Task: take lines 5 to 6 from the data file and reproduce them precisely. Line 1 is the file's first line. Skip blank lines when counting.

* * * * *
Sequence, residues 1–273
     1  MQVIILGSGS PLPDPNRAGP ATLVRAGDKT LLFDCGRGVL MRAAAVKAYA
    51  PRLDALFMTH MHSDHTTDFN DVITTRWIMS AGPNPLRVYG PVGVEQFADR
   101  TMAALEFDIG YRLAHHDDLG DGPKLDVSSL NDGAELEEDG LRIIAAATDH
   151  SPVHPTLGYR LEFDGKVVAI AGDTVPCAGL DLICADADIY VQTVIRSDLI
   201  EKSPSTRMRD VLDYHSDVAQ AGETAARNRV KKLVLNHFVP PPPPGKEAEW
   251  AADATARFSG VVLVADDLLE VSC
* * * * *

   151  SPVHPTLGYR LEFDGKVVAI AGDTVPCAGL DLICADADIY VQTVIRSDLI
   201  EKSPSTRMRD VLDYHSDVAQ AGETAARNRV KKLVLNHFVP PPPPGKEAEW